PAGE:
Merry Christmas

Merry Christmas to everyone from the Nerhood family. I hope you have a wonderful holiday filled with warm thoughts and memories. You probably won’t see any updates until the new year, but you never know.

Ellie drew the picture with TuxPaint, a wonderful open source, cross platform drawing package for kids. Click the picture to view a bigger version.

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How to Have Your Widget and Use It Too

So you’re running Mac OS X Panther (10.3) or some flavor of Microsoft Windows and have been drooling over Tiger’s (not so) new Dashboard feature. Well there is no need to drool anymore, because you can have your widgets and use them too. Konfabulator is now free. For those that don’t know, Konfabulator was the original cross platform widget platform from whom some claim Apple appropriated the concept.

Konfabulator was recently purchased by Yahoo! and subsequently released for free. There are thousands of free widgets available at their Widget Gallery. A couple of my favorites, besides the included weather widget, are: TVScaper, Wunder Radar, and ShortStat.

Software for Your Mac

Mike over at JeepinXJ is almost ready to buy a Mac mini. He’s been asking about what software he’ll need to install in order to replace his Linux box. Instead of just sending him an email, I figured I post my list so that other could comment on it as well.

Fink is like yum for macs. It installs linux packages on your Mac. – I used it to install a number of things including wget, mtr, and lynx.

Darwinports is the other package installer for Mac OSX. (I have not used it)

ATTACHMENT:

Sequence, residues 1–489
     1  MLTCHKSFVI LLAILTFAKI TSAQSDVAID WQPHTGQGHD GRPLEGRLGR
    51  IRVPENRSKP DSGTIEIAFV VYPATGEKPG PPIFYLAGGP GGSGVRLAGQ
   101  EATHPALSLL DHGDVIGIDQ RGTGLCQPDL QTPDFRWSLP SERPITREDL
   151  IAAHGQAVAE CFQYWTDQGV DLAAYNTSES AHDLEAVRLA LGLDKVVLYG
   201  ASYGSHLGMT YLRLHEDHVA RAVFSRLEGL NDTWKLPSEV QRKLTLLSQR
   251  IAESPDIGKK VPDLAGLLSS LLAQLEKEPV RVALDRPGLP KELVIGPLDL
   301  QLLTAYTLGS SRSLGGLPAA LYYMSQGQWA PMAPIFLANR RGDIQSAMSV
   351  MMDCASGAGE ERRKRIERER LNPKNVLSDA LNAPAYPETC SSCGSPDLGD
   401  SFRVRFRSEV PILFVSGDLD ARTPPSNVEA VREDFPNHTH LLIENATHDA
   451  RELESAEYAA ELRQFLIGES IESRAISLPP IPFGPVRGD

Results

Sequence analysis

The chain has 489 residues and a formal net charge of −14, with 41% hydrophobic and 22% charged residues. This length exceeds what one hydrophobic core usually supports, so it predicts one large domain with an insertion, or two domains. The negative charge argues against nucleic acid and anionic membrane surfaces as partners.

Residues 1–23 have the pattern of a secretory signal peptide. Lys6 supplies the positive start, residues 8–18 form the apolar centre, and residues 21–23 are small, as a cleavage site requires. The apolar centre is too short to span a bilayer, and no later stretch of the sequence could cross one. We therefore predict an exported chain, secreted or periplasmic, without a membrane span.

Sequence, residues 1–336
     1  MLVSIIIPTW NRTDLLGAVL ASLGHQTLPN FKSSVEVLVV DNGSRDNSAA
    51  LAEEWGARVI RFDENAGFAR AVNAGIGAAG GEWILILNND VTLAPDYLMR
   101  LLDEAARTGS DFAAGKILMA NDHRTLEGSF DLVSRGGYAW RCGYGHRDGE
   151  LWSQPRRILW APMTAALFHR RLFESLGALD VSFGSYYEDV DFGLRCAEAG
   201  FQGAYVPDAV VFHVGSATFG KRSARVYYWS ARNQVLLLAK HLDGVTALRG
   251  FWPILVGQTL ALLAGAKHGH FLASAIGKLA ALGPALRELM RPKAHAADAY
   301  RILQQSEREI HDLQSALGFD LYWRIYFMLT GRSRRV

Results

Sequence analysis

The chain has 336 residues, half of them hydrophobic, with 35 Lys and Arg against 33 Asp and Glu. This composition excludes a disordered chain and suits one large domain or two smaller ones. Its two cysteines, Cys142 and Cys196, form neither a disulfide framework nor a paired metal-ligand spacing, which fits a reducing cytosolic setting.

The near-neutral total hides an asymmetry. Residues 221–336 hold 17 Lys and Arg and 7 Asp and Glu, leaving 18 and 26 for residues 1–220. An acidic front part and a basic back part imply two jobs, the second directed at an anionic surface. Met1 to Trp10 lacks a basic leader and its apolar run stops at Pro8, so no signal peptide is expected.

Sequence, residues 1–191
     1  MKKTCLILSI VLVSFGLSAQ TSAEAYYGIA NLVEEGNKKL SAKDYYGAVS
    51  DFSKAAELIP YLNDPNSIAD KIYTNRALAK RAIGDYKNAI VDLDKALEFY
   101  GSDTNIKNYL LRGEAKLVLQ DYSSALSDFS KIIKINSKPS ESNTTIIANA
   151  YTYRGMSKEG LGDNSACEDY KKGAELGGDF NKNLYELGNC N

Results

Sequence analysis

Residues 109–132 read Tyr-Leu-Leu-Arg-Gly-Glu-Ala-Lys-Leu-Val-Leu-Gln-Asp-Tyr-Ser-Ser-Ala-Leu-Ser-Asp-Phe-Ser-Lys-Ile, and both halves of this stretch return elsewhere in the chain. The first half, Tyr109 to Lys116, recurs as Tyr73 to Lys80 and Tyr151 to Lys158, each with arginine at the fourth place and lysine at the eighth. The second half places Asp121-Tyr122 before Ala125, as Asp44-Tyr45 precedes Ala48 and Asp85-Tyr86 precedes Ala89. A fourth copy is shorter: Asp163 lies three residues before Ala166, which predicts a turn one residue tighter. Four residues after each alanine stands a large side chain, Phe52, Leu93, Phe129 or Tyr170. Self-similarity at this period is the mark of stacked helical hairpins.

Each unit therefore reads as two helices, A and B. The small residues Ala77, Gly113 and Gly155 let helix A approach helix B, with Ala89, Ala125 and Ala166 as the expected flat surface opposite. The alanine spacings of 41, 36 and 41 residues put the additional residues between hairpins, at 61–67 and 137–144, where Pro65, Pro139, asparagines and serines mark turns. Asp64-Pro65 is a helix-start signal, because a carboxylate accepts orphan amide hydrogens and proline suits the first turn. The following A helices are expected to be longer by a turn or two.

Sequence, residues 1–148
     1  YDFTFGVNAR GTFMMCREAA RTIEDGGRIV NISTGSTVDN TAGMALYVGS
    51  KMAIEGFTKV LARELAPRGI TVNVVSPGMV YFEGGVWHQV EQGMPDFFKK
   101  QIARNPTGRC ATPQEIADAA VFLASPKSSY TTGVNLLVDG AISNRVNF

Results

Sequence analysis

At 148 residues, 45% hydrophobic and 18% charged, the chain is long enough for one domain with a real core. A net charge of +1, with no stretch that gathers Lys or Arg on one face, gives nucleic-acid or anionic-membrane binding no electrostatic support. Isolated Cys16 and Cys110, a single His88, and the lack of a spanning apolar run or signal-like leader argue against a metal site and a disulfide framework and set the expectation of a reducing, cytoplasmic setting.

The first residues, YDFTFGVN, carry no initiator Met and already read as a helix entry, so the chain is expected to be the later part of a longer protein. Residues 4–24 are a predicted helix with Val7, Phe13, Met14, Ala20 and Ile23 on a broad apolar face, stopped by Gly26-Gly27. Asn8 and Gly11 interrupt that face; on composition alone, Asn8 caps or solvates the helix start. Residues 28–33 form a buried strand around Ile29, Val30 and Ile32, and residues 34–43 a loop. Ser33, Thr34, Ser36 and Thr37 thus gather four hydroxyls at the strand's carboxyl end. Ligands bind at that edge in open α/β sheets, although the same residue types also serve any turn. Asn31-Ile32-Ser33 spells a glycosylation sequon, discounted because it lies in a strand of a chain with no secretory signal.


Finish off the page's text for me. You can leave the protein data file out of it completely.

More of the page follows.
Mike uses the No-IP dynamic DNS service so he’ll need MacOSX client download package. I obviously haven’t tried this one. If you have problems with this one, you could always try downloading the linux one. I use DynDNS for my dynamic DNS and they have a Mac client as well.

A good site with PHP install packages for Mac is Marc Liyanage’s site. This is what I would use if I were doing it again. It works with the out of the box Apache 1.3 on Mac OS or an Apache 2.0 install. (He also has some other stuff as well).

You can now install MySQL directly from a MySQL Mac OS X package on their site. (note it is about 3/4 of the way down the page)

I used the packages from Server Logistics to install Apache2, MySQL, and PHP. I would recommend not using them seeing has how they have not been updated in a long time.

PostfixEnabler, helps gets postfix and IMAP working on your box. Great App It also can setup POP3 and IMAP servers as well.

DNS Enabler helps you configure the box as a dns server (again very handy)

I haven’t tried WebMon, but it looks interesting for installing PHP, Apache and WebDAV support (this allows you to supposedly share iCal information).

A couple of other Mac OS X – Apache, MySQL, PHP server install packages exist. MAMP and XAMPP are two. I haven’t tried any of them, but a little research would be in order. Note the MAMP people do not recommend running as a production server (mostly for security), XAMMP always says that, but they do offer a script to tighten the security down. The nice thing about these two packages is that they come with the PHP eAccelerator already installed (it makes a big difference on PHP performance)